There are two sides to the study of the political economy of media. On one side, we examine the firms, owners, labor practices, market structures, policies, occupational codes, and subsidies that in combination provide the context for the production of journalism and media. On the other side, we look at how journalism as a whole, the entire media system, interacts with broad social and economic relations in society. Does the media system tend to challenge or reinforce broader trends within society? It is here that we find the source of depoliticization, and this is a staple insight of political economy and critical theory, drawing from C. Wright Mills, Herbert Marcuse, and C. B. Macpherson, among others.2727xSee, for example, C. Wright Mills, The Power Elite (New York: Oxford University Press, 1956); C. B. Macpherson, The Life and Times of Liberal Democracy (New York: Oxford University Press, 1977). In short, in a society with significant social and economic inequality, depoliticization is encouraged by those atop the social structure, especially in democratic societies. Looked at from the perspective of those at the bottom, the further down the social pecking order one goes, depoliticization is a more rational response by a person because it is a frank acknowledgment of how little power an individual actually has. Why waste time learning about a political world over which you have no influence? Media and communication systems are a means to an end, with the end being social justice and human happiness. We need satisfactory journalism and media systems to have a just and sustainable society. We must study media so closely because in a democratic society journalism is the primary means through which the mass of people may effectively equip themselves to effectively participate.
Democracy Requires Journalism
It is often written, and accurately, that democracy requires journalism. It is not an exaggeration that our entire constitutional system is predicated on there being an informed and engaged citizenry, and the press system is charged with the task of making that possible. But the converse is every bit as true and even more important: journalism needs democracy. Journalism is not agnostic about whether a society is fascist, authoritarian, or democratic. Its survival as a credible entity depends upon there being democracy. If a society is formally democratic, with rampant inequality and vast demoralization and depoliticization, journalism will be especially contentious and difficult to conduct, and the news will tend to gravitate toward propaganda. Journalism is committed to ending information inequality and therefore has a stake in seeing the lessening of social inequality. Journalism requires a society committed to openness, the rule of law, and the prospering of justice. Journalism opposes corruption, secrecy, and attacks on civil liberties and therefore has a stake in lessening militarism, as Madison and Lincoln both understood it—that is, as a powerful force that, unchecked, leads inevitably to corruption, inequality, secrecy, attacks on civil liberties, and the end of the republic.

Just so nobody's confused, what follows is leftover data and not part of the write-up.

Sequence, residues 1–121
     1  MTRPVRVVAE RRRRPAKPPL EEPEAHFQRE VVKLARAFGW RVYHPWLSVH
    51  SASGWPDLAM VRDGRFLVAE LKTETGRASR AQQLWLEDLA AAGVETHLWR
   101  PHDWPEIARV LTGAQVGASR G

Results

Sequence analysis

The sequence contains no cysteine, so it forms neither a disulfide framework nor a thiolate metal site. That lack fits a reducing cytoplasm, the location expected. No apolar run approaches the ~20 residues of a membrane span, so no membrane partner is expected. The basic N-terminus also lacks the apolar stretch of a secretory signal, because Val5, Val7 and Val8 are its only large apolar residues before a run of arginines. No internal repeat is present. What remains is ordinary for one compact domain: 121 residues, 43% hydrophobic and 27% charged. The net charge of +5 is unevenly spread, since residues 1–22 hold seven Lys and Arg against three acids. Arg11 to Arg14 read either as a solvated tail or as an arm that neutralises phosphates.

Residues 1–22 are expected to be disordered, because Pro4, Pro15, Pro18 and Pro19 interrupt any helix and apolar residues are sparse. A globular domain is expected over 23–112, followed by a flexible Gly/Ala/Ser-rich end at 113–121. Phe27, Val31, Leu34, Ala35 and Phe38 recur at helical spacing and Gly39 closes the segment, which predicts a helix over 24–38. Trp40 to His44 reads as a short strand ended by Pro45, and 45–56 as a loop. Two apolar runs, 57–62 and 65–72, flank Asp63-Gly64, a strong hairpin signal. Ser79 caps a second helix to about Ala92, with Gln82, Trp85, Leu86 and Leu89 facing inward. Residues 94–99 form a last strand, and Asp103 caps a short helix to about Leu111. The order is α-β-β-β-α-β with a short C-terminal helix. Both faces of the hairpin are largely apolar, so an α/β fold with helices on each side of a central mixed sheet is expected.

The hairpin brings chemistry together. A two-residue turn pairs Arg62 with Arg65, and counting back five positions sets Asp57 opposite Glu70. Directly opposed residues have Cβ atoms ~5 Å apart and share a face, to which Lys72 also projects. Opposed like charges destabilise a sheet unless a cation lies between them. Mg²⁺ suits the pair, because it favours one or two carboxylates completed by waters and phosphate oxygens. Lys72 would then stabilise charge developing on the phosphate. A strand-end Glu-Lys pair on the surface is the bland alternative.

Some of our greatest journalists, from George Seldes, Heywood Broun, and I. F. Stone, to Bill Moyers, Amy Goodman, and Charles Lewis, have understood the importance of democracy for journalism. This did not make them less professional, less concerned with fairness or factual accuracy. This did not make them treat one political party with kid gloves and another party with a guillotine. It gave them a much stronger sense of mission and of what is at stake. They saw and see journalism as representing the interests of all those outside of power, those without a voice, those who desperately need journalism to effectively govern their lives in a contest with those in power who see journalism often as a nuisance, and who are none too excited about the prospect of an informed population.
The battle to reform media and to establish the basis for the journalism a free society requires cannot be fought in isolation. It is necessarily part of closely related political movements to make our electoral system, voting systems, and political campaigns more fair and open. It is part of broader social and political movements for justice to democratize the institutions of our society and draw people into the heart of public life. It is only in the context of people coming together to struggle for social change that depoliticization is vanquished and victory becomes plausible, even inevitable. Media reform is necessary to make such democratic politics possible, and such democratic politics must enjoy a measure of success for media reform to make any genuine advances. Journalism depends upon media reform; media reform and broader movements for social justice rise and fall together.